I’ve spent most of this rainy Boston day reading the Library of America’s 2008 collection of Elizabeth Bishop’s work, a volume edited by Robert Giroux and Lloyd Schwartz. I have mixed feelings about
everything The Library of America Series. Their editions house impressive surveys of various literary figures, constructed carefully by prominent editors, scholars, and artists. On the other hand, the bibliographic code of their “authoritative” series reminds me (and many readers, no doubt) of church hymnals: the hardcover volumes even come with their own skinny cloth bookmarks embedded in the spines. And while I have no doubt that these design choices are intentional and in keeping with the LOA’s perception of their noble mission, they do seem a bit old-fashioned in these post-McGann days of literary studies. What could be an inviting and accessible overview of a prominent figure more often resembles an inaccessible shrine to American (and if the title of the series didn’t spell it out to you, the red, white, and blue stripe running across each cover situates these authors as, first and foremost, models of American literary greatness) achievement. Despite these reservations, I think that Bishop’s work has been curated, not entombed, by Giroux and Schwartz in this edition. Their decision to include selections of her uncollected and unpublished work, not to mention drafts, runs contra to the dogma of literary scholars who find such matters distracting, ephemeral, or in worst cases deleterious to the author and his or her work and reputation.
In the case of Bishop’s gatekeepers, I am thinking here of April Bernard, who, when encountering similar material in the recent Farrar, Strauss, & Giroux editions of her Poems and Prose, melodramatically opines that “to have to see them at all, some of them so utterly unworthy of inclusion…is to worry deeply about the misdirection of readers.” Bernard’s concerns — contained in a review predictably titled “A Genius Ill-Served” — privilege the myth of the Great Poet and her body of work as incorruptible, and here again we see religiosity rear its mighty head.
For example, in Bernard’s estimations, the presence of “the intense rambling lines” of Bishop’s unpublished “A Drunkard” alongside the poet’s more polished work may teach future generations that Bishop did not knock out a poem on the level of “In The Waiting Room” every time she sat down to write. Well, Bernard doesn’t precisely use this language: instead, she suggests that “some terribly important values, having to do with context and selectivity, are being lost” by the academic turn toward such allegedly ephemeral matters.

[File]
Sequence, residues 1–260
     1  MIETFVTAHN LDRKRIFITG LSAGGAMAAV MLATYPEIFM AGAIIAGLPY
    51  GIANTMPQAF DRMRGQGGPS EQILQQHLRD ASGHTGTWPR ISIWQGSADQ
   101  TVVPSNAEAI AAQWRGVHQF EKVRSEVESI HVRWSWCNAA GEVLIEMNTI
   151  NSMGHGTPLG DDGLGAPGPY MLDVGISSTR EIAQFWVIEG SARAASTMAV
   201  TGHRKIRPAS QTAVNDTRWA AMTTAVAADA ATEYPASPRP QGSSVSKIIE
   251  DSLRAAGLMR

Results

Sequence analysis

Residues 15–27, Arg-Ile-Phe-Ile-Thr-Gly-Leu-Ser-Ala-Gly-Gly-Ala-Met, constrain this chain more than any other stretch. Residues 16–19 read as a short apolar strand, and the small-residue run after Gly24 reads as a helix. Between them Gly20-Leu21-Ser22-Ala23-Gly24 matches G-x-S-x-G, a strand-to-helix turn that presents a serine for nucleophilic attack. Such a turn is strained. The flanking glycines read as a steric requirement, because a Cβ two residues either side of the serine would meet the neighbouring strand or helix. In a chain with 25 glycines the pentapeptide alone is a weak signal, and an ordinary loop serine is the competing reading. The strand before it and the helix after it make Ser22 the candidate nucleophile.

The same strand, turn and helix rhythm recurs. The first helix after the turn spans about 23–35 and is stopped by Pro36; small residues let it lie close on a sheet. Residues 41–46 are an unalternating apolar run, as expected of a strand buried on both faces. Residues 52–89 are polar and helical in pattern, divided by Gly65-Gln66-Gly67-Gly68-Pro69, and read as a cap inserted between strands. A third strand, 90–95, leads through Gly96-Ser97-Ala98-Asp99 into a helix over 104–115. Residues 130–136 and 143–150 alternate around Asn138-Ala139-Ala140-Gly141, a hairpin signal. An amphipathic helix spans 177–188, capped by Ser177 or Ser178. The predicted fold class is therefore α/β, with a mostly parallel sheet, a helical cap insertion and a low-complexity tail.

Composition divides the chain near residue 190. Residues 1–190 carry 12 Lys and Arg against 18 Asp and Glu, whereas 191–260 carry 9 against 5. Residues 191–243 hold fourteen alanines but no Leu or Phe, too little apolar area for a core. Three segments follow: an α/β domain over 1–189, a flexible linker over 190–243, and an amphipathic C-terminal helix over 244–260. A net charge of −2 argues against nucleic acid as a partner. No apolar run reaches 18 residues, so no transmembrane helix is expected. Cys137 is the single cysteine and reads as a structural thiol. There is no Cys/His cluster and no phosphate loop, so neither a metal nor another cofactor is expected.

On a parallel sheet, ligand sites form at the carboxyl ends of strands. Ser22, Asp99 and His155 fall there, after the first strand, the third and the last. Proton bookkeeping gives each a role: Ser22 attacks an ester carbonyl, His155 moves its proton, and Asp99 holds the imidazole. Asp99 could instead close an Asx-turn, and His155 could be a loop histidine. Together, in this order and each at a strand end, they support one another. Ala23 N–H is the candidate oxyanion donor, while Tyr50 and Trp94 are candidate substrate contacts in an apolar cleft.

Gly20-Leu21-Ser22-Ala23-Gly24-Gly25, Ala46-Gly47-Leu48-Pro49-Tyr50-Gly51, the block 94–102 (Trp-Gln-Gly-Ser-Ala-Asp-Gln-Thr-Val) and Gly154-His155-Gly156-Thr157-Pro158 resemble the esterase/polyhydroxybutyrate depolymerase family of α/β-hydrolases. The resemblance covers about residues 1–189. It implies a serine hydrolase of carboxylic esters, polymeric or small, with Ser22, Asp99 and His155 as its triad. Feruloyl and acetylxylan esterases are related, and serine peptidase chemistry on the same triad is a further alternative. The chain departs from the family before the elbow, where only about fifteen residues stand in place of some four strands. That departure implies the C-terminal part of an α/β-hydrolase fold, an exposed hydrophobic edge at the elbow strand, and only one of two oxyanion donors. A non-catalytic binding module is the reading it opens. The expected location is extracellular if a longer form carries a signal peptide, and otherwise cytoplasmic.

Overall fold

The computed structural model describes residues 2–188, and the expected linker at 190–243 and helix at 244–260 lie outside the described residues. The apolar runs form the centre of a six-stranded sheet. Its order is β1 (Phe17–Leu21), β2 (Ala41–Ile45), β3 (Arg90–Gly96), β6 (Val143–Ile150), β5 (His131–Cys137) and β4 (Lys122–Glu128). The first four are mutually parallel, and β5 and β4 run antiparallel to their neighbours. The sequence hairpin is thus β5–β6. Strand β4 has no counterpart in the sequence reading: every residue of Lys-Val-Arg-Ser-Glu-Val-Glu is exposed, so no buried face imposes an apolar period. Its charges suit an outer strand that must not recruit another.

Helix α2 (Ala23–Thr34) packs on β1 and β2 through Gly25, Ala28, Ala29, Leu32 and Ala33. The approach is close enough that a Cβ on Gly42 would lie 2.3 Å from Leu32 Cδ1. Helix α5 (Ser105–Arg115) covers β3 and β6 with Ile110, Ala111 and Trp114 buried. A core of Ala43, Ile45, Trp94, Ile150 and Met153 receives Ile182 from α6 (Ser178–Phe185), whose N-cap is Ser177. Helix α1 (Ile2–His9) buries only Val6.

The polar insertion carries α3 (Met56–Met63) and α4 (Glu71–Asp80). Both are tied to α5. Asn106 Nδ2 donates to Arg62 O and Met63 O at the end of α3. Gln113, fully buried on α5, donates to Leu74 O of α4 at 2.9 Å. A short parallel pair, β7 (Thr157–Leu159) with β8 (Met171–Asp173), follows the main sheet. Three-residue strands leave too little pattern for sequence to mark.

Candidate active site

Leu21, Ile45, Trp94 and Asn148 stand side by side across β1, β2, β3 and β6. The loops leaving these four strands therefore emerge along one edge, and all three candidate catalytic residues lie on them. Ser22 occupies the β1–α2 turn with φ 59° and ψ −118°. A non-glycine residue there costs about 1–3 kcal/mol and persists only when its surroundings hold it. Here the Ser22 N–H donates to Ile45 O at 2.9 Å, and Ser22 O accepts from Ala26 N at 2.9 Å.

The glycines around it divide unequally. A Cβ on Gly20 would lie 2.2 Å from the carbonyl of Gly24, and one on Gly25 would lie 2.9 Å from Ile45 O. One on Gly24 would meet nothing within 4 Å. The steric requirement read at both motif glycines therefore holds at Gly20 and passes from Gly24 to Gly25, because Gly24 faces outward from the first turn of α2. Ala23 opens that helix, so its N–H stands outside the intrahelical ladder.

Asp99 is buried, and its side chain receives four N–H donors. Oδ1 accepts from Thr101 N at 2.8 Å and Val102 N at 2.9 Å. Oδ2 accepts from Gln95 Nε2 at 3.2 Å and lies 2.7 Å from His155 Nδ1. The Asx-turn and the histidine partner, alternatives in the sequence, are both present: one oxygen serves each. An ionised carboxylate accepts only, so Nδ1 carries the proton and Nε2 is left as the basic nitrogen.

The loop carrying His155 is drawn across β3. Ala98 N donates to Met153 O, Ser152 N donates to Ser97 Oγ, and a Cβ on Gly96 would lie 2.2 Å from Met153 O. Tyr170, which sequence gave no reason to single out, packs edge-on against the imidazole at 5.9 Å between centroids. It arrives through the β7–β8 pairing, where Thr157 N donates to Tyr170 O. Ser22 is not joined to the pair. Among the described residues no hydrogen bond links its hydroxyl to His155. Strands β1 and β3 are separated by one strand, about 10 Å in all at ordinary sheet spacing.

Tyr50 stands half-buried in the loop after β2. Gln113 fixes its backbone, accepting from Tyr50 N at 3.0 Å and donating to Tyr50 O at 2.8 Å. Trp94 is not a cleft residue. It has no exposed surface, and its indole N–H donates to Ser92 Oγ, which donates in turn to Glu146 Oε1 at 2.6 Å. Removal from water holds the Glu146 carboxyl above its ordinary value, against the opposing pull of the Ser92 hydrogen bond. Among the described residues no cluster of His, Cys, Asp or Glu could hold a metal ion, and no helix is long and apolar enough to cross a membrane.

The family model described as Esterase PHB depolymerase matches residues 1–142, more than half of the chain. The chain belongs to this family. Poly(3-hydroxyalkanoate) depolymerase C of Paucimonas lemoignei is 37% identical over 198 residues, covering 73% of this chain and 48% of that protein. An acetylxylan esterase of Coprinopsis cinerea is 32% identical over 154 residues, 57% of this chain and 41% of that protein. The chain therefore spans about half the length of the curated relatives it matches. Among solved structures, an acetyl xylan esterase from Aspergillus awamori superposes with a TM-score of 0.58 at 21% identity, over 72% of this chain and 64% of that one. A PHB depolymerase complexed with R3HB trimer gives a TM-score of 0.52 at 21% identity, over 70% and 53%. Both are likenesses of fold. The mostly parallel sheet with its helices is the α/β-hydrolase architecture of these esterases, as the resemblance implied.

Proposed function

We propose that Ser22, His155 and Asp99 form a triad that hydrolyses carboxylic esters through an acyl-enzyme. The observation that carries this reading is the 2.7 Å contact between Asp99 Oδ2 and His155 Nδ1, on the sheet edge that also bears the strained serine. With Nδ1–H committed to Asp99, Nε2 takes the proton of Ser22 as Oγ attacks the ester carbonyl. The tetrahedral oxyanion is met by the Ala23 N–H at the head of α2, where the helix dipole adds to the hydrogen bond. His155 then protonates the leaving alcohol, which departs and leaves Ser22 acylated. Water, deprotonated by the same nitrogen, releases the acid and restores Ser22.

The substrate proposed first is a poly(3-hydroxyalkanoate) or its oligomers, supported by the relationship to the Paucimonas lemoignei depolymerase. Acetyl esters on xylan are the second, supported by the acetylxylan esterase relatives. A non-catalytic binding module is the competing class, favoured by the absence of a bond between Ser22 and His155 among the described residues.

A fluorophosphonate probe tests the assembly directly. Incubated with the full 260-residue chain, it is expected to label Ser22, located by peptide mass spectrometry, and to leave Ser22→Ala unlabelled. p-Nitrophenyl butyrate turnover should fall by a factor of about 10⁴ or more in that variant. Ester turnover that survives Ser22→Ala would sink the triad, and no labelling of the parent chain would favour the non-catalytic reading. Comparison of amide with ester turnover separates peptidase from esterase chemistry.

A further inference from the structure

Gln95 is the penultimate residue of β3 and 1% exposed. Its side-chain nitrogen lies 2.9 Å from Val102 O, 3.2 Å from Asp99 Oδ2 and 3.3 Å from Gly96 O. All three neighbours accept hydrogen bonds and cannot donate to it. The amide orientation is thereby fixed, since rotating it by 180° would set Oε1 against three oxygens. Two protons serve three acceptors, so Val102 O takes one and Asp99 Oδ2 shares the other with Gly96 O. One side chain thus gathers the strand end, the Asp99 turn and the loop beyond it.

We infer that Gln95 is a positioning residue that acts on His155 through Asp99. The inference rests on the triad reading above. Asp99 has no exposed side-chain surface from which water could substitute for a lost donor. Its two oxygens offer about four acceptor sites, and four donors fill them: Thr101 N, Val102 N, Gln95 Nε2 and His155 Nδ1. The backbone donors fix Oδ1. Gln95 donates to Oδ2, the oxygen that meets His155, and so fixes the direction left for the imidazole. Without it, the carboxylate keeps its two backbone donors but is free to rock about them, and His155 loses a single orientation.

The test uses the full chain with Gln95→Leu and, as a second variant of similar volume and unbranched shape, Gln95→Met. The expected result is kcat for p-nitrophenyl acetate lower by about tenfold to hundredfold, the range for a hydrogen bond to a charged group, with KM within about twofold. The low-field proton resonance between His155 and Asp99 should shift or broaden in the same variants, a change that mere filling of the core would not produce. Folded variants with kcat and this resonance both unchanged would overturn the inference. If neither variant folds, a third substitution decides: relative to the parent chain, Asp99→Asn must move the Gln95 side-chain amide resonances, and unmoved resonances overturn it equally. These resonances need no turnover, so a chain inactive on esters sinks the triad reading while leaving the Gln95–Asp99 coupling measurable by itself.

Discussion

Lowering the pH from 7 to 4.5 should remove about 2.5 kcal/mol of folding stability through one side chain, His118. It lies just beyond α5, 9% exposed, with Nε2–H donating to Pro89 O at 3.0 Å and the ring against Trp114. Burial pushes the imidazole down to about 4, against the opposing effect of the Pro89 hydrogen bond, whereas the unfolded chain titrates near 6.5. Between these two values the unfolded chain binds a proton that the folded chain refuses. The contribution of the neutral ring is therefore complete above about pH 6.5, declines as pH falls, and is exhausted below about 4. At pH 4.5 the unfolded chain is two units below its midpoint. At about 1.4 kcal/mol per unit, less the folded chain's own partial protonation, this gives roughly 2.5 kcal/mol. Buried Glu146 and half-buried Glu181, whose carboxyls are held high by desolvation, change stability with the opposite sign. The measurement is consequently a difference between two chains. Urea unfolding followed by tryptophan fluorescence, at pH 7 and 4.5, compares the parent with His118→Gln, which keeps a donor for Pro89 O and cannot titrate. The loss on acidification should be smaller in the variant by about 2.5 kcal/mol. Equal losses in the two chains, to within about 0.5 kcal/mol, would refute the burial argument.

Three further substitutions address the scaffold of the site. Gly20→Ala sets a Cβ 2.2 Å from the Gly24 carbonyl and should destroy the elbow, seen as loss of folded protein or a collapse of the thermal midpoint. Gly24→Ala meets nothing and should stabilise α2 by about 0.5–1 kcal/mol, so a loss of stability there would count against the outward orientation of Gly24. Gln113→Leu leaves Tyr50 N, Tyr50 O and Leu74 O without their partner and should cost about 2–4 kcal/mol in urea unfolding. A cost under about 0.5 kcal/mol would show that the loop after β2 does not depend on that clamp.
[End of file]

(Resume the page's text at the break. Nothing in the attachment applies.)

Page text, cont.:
I don’t agree with this train of thought: if anything, introducing unpublished and uncollected work, so long as it is situated and labeled as such, seems to open up conversations about the ways a poet casts a discerning eye upon her own work. Why might Bishop have declined to publish or revise “A Drunkard”? What makes it similar to or so unlike Bishop’s better-known pieces? Particularly in the case of a poet like Bishop, who published small volumes close to a decade apart for most of her career, the inclusion of unpublished or rougher work seems less like “padding” (though publishers may have economic and editorial interests in mind: for example, a LOA collection of Bishop’s work that only contained her published poetry would be much slimmer than the other editions in the series) and more like an opportunity to demystify the writing processes of these sanctified figures.
As Bernard notes, Bishop herself may not have enjoyed seeing the “work in progress” of other poets circulated in publications, but I believe that interest in such matters is not always the sign of an obsessive completist or an opportunistic scholar. Their inclusion invites contemplation and conversation on the poet and her work, and to reject their potential use is to rely upon outmoded assumptions of how writers should be read and revered.